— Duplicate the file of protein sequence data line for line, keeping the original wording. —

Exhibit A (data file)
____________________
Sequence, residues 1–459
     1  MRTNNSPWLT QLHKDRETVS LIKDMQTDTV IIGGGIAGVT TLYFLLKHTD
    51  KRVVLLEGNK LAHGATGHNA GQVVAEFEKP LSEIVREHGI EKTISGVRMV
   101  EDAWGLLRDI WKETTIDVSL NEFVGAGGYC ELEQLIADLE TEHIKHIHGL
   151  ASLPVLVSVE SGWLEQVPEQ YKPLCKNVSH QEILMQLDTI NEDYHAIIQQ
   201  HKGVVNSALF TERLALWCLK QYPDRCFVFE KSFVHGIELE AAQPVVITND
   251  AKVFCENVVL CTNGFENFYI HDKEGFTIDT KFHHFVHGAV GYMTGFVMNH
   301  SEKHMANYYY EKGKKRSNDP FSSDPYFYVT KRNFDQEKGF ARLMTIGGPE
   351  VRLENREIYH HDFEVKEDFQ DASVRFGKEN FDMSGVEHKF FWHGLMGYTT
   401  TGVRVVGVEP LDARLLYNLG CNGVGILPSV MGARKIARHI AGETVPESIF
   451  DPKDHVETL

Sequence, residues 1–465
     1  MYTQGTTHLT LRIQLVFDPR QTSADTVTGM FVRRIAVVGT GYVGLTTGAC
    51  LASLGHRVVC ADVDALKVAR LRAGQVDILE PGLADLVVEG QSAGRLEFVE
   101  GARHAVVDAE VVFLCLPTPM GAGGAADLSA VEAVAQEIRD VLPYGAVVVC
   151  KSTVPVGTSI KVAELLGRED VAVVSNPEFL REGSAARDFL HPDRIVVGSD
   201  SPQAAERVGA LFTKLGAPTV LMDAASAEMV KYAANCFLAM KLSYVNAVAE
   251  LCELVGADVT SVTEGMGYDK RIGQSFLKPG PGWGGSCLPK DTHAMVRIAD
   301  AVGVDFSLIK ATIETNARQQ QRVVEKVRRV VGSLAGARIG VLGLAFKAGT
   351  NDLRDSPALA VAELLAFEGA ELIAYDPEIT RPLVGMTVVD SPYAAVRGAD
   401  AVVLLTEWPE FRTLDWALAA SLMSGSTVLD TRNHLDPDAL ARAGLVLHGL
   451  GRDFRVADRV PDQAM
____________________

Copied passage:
Sequence, residues 1–459
     1  MRTNNSPWLT QLHKDRETVS LIKDMQTDTV IIGGGIAGVT TLYFLLKHTD
    51  KRVVLLEGNK LAHGATGHNA GQVVAEFEKP LSEIVREHGI EKTISGVRMV
   101  EDAWGLLRDI WKETTIDVSL NEFVGAGGYC ELEQLIADLE TEHIKHIHGL
   151  ASLPVLVSVE SGWLEQVPEQ YKPLCKNVSH QEILMQLDTI NEDYHAIIQQ
   201  HKGVVNSALF TERLALWCLK QYPDRCFVFE KSFVHGIELE AAQPVVITND
   251  AKVFCENVVL CTNGFENFYI HDKEGFTIDT KFHHFVHGAV GYMTGFVMNH
   301  SEKHMANYYY EKGKKRSNDP FSSDPYFYVT KRNFDQEKGF ARLMTIGGPE
   351  VRLENREIYH HDFEVKEDFQ DASVRFGKEN FDMSGVEHKF FWHGLMGYTT
   401  TGVRVVGVEP LDARLLYNLG CNGVGILPSV MGARKIARHI AGETVPESIF
   451  DPKDHVETL

Sequence, residues 1–465
     1  MYTQGTTHLT LRIQLVFDPR QTSADTVTGM FVRRIAVVGT GYVGLTTGAC
    51  LASLGHRVVC ADVDALKVAR LRAGQVDILE PGLADLVVEG QSAGRLEFVE
   101  GARHAVVDAE VVFLCLPTPM GAGGAADLSA VEAVAQEIRD VLPYGAVVVC
   151  KSTVPVGTSI KVAELLGRED VAVVSNPEFL REGSAARDFL HPDRIVVGSD
   201  SPQAAERVGA LFTKLGAPTV LMDAASAEMV KYAANCFLAM KLSYVNAVAE
   251  LCELVGADVT SVTEGMGYDK RIGQSFLKPG PGWGGSCLPK DTHAMVRIAD
   301  AVGVDFSLIK ATIETNARQQ QRVVEKVRRV VGSLAGARIG VLGLAFKAGT
   351  NDLRDSPALA VAELLAFEGA ELIAYDPEIT RPLVGMTVVD SPYAAVRGAD
   401  AVVLLTEWPE FRTLDWALAA SLMSGSTVLD TRNHLDPDAL ARAGLVLHGL
   451  GRDFRVADRV PDQAM